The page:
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Fed official predicts U.S. could see rapid unemployment decline

UPDATED: Fri., Oct. 16, 2020

This photo from Oct. 9, 2020, shows a hiring sign in a store located in Vernon Hills, Ill. An official with the Federal Reserve predicts the U.S. could see rapid hiring soon.  (Associated Press)
This photo from Oct. 9, 2020, shows a hiring sign in a store located in Vernon Hills, Ill. An official with the Federal Reserve predicts the U.S. could see rapid hiring soon. (Associated Press)
By Steve Matthews Bloomberg

The U.S. labor market is likely to bounce back quickly as more temporarily furloughed workers return to jobs and the coronavirus pandemic comes under control, said Federal Reserve Bank of St. Louis President James Bullard.

“It’s very different labor market dynamics than what you are used to thinking about for recession,” Bullard said Friday as he took part in a virtual panel discussion with other central bankers.

“There is a lot of prospect you can get fairly good labor market outcomes, continuing relatively rapid declines in unemployment and a good outlook therefore for the U.S. economy.”

The U.S. Treasury yield curve has been steepening in recent months, reflecting optimism of investors on the outlook for the economy, Bullard said. About $3 trillion in U.S. fiscal stimulus as well as ultra-easy monetary policy have helped support the recovery, while health care outcomes have improved over time, Bullard added.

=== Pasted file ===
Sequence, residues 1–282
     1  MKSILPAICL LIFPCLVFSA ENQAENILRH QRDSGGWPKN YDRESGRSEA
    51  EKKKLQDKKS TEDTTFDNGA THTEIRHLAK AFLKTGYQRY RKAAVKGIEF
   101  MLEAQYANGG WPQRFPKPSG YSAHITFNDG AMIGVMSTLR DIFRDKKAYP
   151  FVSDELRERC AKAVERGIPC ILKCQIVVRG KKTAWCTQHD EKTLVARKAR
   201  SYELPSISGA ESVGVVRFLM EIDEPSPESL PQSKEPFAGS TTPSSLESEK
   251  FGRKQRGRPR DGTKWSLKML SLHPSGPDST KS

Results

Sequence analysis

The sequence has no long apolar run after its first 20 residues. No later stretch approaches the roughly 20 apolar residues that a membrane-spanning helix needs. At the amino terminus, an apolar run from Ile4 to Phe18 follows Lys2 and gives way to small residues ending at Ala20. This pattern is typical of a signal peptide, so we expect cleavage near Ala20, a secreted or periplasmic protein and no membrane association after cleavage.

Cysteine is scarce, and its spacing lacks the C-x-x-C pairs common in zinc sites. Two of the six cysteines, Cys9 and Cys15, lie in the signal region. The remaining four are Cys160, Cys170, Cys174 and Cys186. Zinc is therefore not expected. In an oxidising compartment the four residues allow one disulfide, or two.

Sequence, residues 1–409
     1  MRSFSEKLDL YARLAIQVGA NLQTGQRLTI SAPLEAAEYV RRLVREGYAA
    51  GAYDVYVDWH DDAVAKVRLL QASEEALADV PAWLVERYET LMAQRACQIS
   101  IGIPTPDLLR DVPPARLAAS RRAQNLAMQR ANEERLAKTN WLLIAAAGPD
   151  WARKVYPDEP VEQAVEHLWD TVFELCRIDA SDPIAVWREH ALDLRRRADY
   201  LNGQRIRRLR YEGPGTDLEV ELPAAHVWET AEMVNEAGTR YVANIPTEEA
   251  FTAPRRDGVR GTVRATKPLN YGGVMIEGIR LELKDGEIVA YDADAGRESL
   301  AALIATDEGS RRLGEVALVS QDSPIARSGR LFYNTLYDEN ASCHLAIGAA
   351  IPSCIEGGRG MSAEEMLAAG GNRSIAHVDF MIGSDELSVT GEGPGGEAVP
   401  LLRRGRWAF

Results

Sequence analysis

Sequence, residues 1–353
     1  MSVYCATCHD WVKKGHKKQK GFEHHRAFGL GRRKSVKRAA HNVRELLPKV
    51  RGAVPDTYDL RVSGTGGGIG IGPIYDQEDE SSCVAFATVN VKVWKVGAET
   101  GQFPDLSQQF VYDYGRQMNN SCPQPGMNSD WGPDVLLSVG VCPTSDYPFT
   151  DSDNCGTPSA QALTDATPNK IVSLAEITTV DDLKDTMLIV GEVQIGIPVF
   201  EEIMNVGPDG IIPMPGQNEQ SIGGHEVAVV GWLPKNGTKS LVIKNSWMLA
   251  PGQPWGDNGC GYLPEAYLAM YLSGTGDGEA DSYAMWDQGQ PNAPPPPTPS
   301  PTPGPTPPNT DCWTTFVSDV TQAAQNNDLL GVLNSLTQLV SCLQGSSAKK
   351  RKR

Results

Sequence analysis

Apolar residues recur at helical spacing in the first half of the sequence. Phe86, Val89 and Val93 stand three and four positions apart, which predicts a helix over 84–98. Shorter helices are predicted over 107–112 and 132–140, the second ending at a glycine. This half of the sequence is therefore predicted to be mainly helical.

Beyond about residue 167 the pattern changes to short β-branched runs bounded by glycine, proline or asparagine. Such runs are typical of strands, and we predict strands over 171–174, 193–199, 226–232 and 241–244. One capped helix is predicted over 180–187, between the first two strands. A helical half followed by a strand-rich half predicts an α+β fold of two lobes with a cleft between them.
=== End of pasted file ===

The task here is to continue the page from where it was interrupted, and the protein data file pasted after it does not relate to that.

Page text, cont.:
As the economy picks up, “that will affect our crucial 10-year benchmark,” he said. “We’ll see if we get yield curve steepening going forward.” While the U.S. continues to add jobs, the number of permanent job losers rose by 345,000 last month to a seven-year high of 3.8 million, while the number of Americans on temporary layoff fell by 1.5 million to 4.6 million.

Bullard, who doesn’t vote this year on monetary policy, has been among the most optimistic of Fed officials. He’s argued the recovery is likely to continue even with no more fiscal stimulus, while other Fed leaders have called for additional spending to support the expansion.

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